Wolpert and the Origin of Life
For example, during his interview with Keith Ward, Wolpert commented that:
How the cell came about is just . . . Wow! It's absolutely mind-blowing. It's truly miraculous – almost in a religious sense. I think we understand quite a lot about evolution – although even in later evolution there are problems for which we don't have good explanations – but the origin of life itself, the origin of the cell itself, that's not solved at all.
Having heard such an interesting admission of scientific ignorance, Ward asked Wolpert whether he was happy to be described as a neo-Darwinian, and the following revealing exchange followed:
Wolpert: I'm afraid I would have to say that, yes.
Ward: So, even though you find it 'miraculous', you think we must account for the emergence of life purely in terms of random mutation and natural selection?
Wolpert: That's the line we must pursue, yes.
Ward: Why 'must'?
Wolpert: Because there really is no other way. Otherwise, you can only invoke God.
In other words, Wolpert believes that the inherent capacities of the natural world (putting aside the cosmological question of why there is a natural world in the first place) must account for – and therefore must be capable of accounting for – both the origin and diverse nature of life on Earth. And this conclusion is philosophically deduced (not scientifically inferred) from the assumption that God could not possibly feature in the true account of these matters – presumably because Wolpert believes that there is no God. Once again Wolpert closes his eyes to the possibility of evidence pointing towards God's existence by simply assuming that God does not exist! Once again, Wolpert's use of the 'Insufficient Evidence' objection to belief in God is exposed as a rhetorical façade hiding a circular argument.
'I am going to confront you with evidence before the Lord' (1 Samuel 12:7)
Atheists, agnostics and theists alike should avoid Lewis Wolpert's narrow-minded approach to the question of God's existence, an approach that amounts to saying, 'My mind is made up, don't confuse me with the evidence.' We all have our own personal default position on the subject of God's existence, but we owe it to each other and to ourselves (and perhaps we even owe it to God) to take the alternatives seriously enough to decry blind faith.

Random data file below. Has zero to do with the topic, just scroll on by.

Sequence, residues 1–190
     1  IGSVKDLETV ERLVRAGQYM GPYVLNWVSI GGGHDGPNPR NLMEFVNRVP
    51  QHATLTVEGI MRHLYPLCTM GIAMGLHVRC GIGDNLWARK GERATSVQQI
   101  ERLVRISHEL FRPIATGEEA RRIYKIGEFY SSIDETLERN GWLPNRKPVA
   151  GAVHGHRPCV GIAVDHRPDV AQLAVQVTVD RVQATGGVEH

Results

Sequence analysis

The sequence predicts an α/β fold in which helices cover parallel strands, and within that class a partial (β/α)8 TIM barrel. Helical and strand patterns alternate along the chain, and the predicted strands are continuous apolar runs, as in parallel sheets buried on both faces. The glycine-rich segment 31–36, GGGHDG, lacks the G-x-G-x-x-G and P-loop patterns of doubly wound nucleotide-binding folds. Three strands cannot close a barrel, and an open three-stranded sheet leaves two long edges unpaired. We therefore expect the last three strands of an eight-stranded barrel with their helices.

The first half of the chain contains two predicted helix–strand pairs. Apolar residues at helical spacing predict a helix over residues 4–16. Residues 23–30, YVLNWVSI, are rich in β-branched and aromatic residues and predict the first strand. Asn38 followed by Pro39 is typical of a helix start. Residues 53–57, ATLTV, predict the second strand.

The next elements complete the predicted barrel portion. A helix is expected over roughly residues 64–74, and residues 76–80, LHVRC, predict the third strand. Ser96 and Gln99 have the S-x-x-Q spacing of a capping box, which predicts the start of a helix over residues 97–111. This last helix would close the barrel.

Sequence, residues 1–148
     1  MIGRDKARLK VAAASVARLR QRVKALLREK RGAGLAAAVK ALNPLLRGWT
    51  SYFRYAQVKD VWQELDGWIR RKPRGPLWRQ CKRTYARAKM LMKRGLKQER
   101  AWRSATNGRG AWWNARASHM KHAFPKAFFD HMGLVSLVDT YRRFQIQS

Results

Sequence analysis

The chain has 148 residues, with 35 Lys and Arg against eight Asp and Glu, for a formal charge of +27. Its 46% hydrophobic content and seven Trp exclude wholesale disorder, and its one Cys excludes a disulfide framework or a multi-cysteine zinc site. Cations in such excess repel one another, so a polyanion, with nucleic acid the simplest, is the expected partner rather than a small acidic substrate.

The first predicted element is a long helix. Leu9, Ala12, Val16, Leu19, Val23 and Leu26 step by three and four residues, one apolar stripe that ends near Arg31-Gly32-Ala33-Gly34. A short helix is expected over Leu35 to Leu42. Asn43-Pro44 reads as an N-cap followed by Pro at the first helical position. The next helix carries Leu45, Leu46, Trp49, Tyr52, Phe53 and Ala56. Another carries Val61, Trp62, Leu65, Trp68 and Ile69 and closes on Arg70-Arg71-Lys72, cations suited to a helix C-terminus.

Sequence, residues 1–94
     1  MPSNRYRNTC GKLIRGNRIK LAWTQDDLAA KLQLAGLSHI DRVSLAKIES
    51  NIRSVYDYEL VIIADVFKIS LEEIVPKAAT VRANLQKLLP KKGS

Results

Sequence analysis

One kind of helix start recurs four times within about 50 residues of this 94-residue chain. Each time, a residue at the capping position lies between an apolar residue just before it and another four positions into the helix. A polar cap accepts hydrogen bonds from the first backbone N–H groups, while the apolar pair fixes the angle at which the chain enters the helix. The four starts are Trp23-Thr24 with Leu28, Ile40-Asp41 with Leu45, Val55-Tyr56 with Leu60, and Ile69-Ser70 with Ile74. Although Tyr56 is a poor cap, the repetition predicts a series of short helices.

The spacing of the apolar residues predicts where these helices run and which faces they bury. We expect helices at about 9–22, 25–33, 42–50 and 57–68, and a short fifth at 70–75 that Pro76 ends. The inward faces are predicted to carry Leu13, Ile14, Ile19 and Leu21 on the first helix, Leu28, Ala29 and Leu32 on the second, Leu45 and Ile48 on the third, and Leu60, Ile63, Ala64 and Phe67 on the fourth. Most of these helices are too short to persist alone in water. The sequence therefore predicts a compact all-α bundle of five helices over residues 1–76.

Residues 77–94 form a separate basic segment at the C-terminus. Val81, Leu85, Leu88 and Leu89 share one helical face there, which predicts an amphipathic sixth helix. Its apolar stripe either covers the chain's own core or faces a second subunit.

Paul Copan, 'The Presumptuousness of Atheism'
William Lane Craig, 'The Existence of God and the Beginning of the Universe'
William Lane Craig, 'The Teleological Argument and the Anthropic Principle'
William Lane Craig, 'Review: The Design Inference'
William Lane Craig, 'The Indispensability of Theological Meta-Ethical Foundations for Morality'
John Gray, 'Myths of Meaning: Breaking the Spell and Six Impossible Things Before Breakfast', New Statesman, 20 March 2006
John Humphrys, 'The Return of God?'. Here is another eye-witness report of the Craig-Wolpert debate (The Peter Williams who has a comment on this page is not Peter S. Williams, the author of this article!)
Keith Ward and Lewis Wolpert, 'The Hard Cell', Third Way, March 2007
Peter S. Williams, 'A Change of Mind for Antony Flew'
Peter S. Williams, 'Design and the Humean Touchstone'
Peter S. Williams, 'An Introduction to Intelligent Design Theory'
R. Douglas Geivett and Gary R. Habermas (eds.), In Defence of Miracles, (Apollos, 1997)
James F. Sennett and Douglas Groothuis (eds.), In Defence of Natural Theology: A Post-Humean Assessment, (IVP, 2005)
 Lewis Wolpert, 'The Hard Cell', Third Way, March 2007, p. 16.
 Wolpert, 'The Hard Cell', p. 17.
 William Rowe 'Reflections on the Craig-Flew Debate' in Stan W. Wallace (ed.), Does God Exist? The Craig-Flew Debate, (London: Ashgate, 2003) p. 70-71.
 Kai Nielsen, Reason and Practice, (New York: Harper and Row, 1971) p. 143-44.